Welcome to Bucaro TecHelp!

Bucaro TecHelp
Maintain Your Computer and Use it More Effectively
to Design a Web Site and Make Money on the Web

About Bucaro TecHelp About BTH User Agreement User Agreement Privacy Policy Privacy Site Map Site Map Contact Bucaro TecHelp Contact RSS News Feeds News Feeds

Victims of Sandy Hook

Stop the Slaughter of Innocents. Congress is bought and paid for by gun lunatics and gun promotion groups. If you want to live in a safe America, help buy Congress back for America. Send a donation to Mayors Against Illegal Guns, 909 Third Avenue, 15th Floor New York, NY 10022

How to Spot a Work at Home Scam

With all the work at home opportunities advertised today, it can be difficult to pick out the true jobs from the scams. Here are some tips that will help you determine whether a job is legitimate or a scam in just minutes.

Do they charge a fee? - If so, it is a scam. A legitimate company will not charge you to work for them. Period. Occasionally, you will come across companies that charge for training, but most often they will deduct the cost from your first few paychecks. This is rare, however. Most companies will provide free training. There are also a few companies that will charge for the cost of having a background check performed on you. Again, this is pretty rare.

Home business opportunities will often charge a start-up fee, which includes a kit containing product samples, training information and more. Don't confuse these opportunities with telecommute positions. Very often they are advertised only as "work at home" - not telling you whether it's a job or a business opportunity. If there is a start-up kit you need to buy, it is a business opportunity. If there is a "fee" to begin working for them (often called an application fee, or administrative fee), it is a scam.

Is the website sloppy? - This alone doesn't always point to a scam. I've seen some legitimate companies with horrible websites too. However, scammer websites are usually very sloppily put together, with tons of spelling and grammatical errors all over the place. Not always - sometimes they do have web design knowledge and a spell-checker.

Also, are they using a free web host like Geocities or Bravenet? (Example: If the domain name reads http:⁄⁄XYZClerical.bravehost.com or http:⁄⁄www.geocities.com⁄XYZClerical - they are using a free web host. Owning their own domain, it would read like this: http:⁄⁄www.XYZClerical.com) Website hosting is so affordable nowadays, it is rare to find any legitimate companies that would use a free web host.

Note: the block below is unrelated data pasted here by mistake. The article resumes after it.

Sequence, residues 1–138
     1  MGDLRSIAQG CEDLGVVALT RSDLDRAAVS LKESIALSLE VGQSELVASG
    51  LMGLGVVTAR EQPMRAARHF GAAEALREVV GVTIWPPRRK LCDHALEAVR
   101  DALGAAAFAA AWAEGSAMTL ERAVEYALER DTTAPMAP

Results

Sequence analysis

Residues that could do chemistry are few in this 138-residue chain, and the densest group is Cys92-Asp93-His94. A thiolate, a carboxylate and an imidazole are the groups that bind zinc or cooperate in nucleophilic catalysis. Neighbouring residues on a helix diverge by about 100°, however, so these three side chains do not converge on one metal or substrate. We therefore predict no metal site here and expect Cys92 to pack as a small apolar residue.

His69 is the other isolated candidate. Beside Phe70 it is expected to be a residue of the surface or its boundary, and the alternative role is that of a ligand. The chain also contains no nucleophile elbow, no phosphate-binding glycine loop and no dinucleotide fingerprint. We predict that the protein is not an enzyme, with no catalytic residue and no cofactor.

Contact information - Click on the "Contact Us" (or "About Us") page of the website. Is there a street address and telephone number? Or just an email address or P.O. Box? Legitimate companies will give you their true contact information.

Is the email address from a free email provider like Yahoo or Hotmail? This doesn't always mean it's a scam, sometimes companies don't want to use their main address and get bombarded with resumes. Still, use caution if you see a free email account being used, especially if it's the only form of contact available. If a phone number is given, call it.

Do they answer with the company name like a real business? Or do you get dumped right into a voicemail box? Again, that might not mean it's a scam by itself, just something to consider.

Testimonials - Does the website feature testimonials? These are usually glowing reviews from people who are allegedly working at home for this company. Why would a company want to do this? Remember this: testimonials are most often used in sales copy. They are trying to "sell" you something if they use testimonials. Legitimate companies will rarely use them. I have seen a couple of real companies with testimonials on their websites, so it does happen, but not often.

Excessive income claims - "Easy work, great pay!" That's a big red flag. No legitimate employer is going to flaunt easy work for great pay. Instead they usually say, "Salary commensurate with experience." Meaning, if you have experience in that field, you will probably earn more money than someone who doesn't.

If an ad claims, "No experience necessary!" - be wary. There are certainly employers who will train you and don't require experience, but if an ad is flaunting the fact that you don't need experience and will earn great money, watch out. Especially for jobs you would expect to need experience for, like typing or data entry.

If the job is extremely simple (like stuffing envelopes), ask yourself why a company would pay so much money for someone to stuff envelopes when they could buy a machine to do it for far less money? Use common sense. Compare the job to the income. Does it sound near what you'd earn in your local area? (Most work at home jobs pay LESS than what you'd earn outside the home, not more.)

RSS Feed RSS Feed

Follow Stephen Bucaro Follow @Stephen Bucaro

Fire HD
[Site User Agreement] [Privacy Policy] [Site map] [Search This Site] [Contact Form]
Copyright©2001-2017 Bucaro TecHelp 13771 N Fountain Hills Blvd Suite 114-248 Fountain Hills, AZ 85268